Linda Nabasa is quite a happy soul, yet, going by her contribution to the writing of Afroman Spice’s latest production, What’s Your Secret?, girl indeed has some haunted thoughts.
After a successful run with their debut Afroman Spice show last year, yesterday, Nabasa alias Nada, Rasheedah Namulondo and Sandra Nankoma alias Sandy Soul staged a follow up to their runaway hit.
Aptly titled What’s Your Secret?, the show ran away from the groove, jazz, soul and banters that the trio introduced to us last year, instead, they came with rather ice to cool the fire they started last July and probably make things scary.
Yes, the show that happened at the National Theater auditorium was great art though not one of such fun shows – it was dark haunting, disturbing and above all sad.
Happening on a rather dark stage most of the times, the show wasn’t giving memories, though started by plunging you to that moment with your body in the coffin – how much of your concealed self will be brought to light?
Ok, we take it from the top; it’s a story of one Nkema as told by the three girls – we open with a timeline of her after life, seated on her coffin in a short dress, the particular scene, Nabasa says was inspired by a dream she had about her late aunt; “She died when I was in primary but I dreamt of her two years ago. She sat crossed legged on her coffin surrounded by nothing, and looking out in the distance….”
But much of the production is geared towards the recent deaths among the female youths and thus, Nabasa and friends tend to point to us what usually transpires in the girls lives before they meet their death.
Besides Nabasa that is sitted ontop of her coffin, we have Nankoma in the toilet, where we believe Nkema committed suicide and Namulondo in a room largely thought to be her room filled with accessories and a very visible white gown that seems to announce a pending, promised or expected wedding.
The production seems to delve into a narrative that suggests that death leaves people vulnerable, all the lies they told about their age, the lies about being courageous, carefree, pain resistant but in most of the production, we see the three lives that Nkema could have lived, of course some of these were cosmetic and rather plastic.
At one point through Nankoma – who seemed to be in the worst place, she was a weak and broken piece of meat, she had longed to have this baby with a one Jacob, yet, at the time she realized she was expecting his baby, the guy was no more, now she has to live with this painful pregnancy that always reminds her of the lost love and at the same time getting her judged by the society.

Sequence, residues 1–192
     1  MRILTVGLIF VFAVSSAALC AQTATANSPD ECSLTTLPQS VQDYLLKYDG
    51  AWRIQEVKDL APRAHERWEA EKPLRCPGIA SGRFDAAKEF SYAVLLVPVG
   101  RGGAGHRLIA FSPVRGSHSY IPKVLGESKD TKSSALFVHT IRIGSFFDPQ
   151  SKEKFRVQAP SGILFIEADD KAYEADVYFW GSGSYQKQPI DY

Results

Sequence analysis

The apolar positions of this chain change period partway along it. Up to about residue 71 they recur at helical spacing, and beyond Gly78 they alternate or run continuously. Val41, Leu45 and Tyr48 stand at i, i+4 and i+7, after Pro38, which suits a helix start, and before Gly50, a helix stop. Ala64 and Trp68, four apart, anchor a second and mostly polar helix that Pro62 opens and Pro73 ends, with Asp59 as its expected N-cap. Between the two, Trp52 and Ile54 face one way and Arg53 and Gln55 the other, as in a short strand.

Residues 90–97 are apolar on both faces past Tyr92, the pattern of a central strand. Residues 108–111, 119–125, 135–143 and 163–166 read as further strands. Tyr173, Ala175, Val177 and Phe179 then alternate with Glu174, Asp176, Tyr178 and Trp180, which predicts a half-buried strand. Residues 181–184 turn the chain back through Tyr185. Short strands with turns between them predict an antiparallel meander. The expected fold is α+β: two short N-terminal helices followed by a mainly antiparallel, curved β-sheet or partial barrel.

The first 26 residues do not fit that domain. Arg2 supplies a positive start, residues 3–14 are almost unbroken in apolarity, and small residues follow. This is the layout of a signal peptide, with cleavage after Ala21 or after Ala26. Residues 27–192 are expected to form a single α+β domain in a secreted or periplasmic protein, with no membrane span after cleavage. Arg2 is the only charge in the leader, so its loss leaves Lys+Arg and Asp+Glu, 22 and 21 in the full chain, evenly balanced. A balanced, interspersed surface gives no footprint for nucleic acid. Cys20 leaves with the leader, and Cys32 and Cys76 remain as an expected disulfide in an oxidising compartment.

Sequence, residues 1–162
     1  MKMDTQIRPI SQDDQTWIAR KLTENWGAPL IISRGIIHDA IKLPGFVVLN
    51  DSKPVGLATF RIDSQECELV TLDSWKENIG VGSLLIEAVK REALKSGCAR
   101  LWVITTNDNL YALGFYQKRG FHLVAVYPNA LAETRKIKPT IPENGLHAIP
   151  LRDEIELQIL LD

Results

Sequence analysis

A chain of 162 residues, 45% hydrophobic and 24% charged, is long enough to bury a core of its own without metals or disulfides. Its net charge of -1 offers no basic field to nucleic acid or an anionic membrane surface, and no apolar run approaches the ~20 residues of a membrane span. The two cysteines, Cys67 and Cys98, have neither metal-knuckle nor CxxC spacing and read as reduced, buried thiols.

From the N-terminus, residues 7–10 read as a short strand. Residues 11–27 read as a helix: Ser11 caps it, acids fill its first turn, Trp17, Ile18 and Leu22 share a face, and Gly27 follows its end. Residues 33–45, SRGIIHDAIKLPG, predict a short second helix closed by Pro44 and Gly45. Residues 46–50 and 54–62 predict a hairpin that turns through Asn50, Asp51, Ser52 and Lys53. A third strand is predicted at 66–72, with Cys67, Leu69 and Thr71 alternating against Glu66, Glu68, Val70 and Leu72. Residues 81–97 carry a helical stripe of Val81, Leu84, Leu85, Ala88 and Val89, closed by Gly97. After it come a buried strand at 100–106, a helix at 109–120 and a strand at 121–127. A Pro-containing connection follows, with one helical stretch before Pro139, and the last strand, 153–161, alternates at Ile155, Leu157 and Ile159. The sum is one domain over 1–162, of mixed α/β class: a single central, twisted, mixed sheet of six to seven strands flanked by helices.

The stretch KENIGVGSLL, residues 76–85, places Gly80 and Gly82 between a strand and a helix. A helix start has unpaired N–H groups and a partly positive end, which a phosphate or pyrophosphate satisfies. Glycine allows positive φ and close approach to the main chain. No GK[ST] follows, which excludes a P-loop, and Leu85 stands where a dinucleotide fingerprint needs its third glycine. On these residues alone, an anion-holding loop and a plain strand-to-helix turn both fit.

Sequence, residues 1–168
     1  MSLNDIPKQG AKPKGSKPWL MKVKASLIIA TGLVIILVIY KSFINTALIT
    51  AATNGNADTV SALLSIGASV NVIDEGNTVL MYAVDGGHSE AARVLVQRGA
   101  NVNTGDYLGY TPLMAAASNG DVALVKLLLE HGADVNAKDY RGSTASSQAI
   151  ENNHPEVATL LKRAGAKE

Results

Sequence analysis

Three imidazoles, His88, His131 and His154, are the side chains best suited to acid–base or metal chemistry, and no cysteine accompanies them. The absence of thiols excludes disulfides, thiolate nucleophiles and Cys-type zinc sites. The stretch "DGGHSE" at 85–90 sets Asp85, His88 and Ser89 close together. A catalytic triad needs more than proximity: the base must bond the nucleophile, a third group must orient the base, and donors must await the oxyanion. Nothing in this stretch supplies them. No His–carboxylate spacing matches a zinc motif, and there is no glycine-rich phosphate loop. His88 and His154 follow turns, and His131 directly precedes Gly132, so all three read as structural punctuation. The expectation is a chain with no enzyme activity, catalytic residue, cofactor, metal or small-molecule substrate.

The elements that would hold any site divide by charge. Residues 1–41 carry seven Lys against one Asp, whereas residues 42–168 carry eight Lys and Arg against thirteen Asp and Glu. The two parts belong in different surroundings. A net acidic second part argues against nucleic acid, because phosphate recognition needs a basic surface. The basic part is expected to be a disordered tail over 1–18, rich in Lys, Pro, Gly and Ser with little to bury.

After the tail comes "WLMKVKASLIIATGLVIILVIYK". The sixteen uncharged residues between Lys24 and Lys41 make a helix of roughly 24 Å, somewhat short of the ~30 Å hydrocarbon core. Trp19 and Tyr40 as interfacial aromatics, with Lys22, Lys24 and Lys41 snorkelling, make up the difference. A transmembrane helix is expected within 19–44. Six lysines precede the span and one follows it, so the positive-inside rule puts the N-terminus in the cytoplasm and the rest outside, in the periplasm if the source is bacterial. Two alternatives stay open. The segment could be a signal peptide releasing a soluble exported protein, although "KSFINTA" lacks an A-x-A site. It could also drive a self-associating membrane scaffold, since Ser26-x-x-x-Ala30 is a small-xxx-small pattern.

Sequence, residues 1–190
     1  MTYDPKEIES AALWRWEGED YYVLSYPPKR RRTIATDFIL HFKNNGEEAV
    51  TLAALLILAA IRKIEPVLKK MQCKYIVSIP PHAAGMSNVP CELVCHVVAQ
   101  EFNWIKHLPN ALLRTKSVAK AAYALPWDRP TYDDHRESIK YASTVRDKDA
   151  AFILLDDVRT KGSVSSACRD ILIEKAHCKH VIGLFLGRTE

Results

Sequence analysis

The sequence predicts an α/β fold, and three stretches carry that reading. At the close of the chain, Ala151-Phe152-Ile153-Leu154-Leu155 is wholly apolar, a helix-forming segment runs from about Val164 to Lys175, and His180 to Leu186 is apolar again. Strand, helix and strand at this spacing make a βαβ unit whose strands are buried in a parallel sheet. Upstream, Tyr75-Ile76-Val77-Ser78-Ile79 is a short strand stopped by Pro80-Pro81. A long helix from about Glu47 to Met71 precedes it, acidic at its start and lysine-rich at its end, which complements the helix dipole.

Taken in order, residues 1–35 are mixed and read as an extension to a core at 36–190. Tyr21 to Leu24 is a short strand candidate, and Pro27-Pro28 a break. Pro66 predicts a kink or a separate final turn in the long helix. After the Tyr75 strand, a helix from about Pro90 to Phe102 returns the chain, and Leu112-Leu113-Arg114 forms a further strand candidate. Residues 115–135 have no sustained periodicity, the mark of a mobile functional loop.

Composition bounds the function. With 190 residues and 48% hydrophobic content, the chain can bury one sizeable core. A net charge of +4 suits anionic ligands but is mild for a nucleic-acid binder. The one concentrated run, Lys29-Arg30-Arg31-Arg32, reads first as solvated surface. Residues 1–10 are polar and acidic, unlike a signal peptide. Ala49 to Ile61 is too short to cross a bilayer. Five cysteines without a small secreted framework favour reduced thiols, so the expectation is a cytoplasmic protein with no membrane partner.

Since Namulondo’s Nkema was one that had hopes, thinking of finding a man one time and eventually getting married, she was in a far better place than the other two, yet even Nabasa on her own coffin, she literally had little to gain or lose, she had lived her life, in fact, her last mission was to tell an angle that she wasted her life but there was little she would change.
But it was the Nkema that Nankoma represented that was in more than a fix, a fatherless child, shared memories and a society to deal with, it could have been the reason she had all the bitter lines in the script; in there she wished pain upon the father of her child and literally cursed knowing him.
It was because of her that we had a coffin on the dark stage thus each and every line written for her character hit home.
Problem was that this production was highly anticipated, with a cast of two poets and a singer, people expected much more than teasers of Whitney Houston’s Your Love is my Love though, Nabasa says they concentrated much of the time on the story which kept changing a lot and somehow left the music out.
Afroman Spice has been on a ride since they debuted last year, that it’s not surprising that they are already heading to Kigali where they will be staging the 2015 edition, unlike last year’s show where they’ve had to wait for a year to stage a show, they promise to make more staging for What’s Your Secret.
The production is directed by Esther Tebandeke, Rasheeda Namulondo and Rehama Nanfuka, yet Nankoma worked on the vocals alongside Kaz Kasozi as the music director.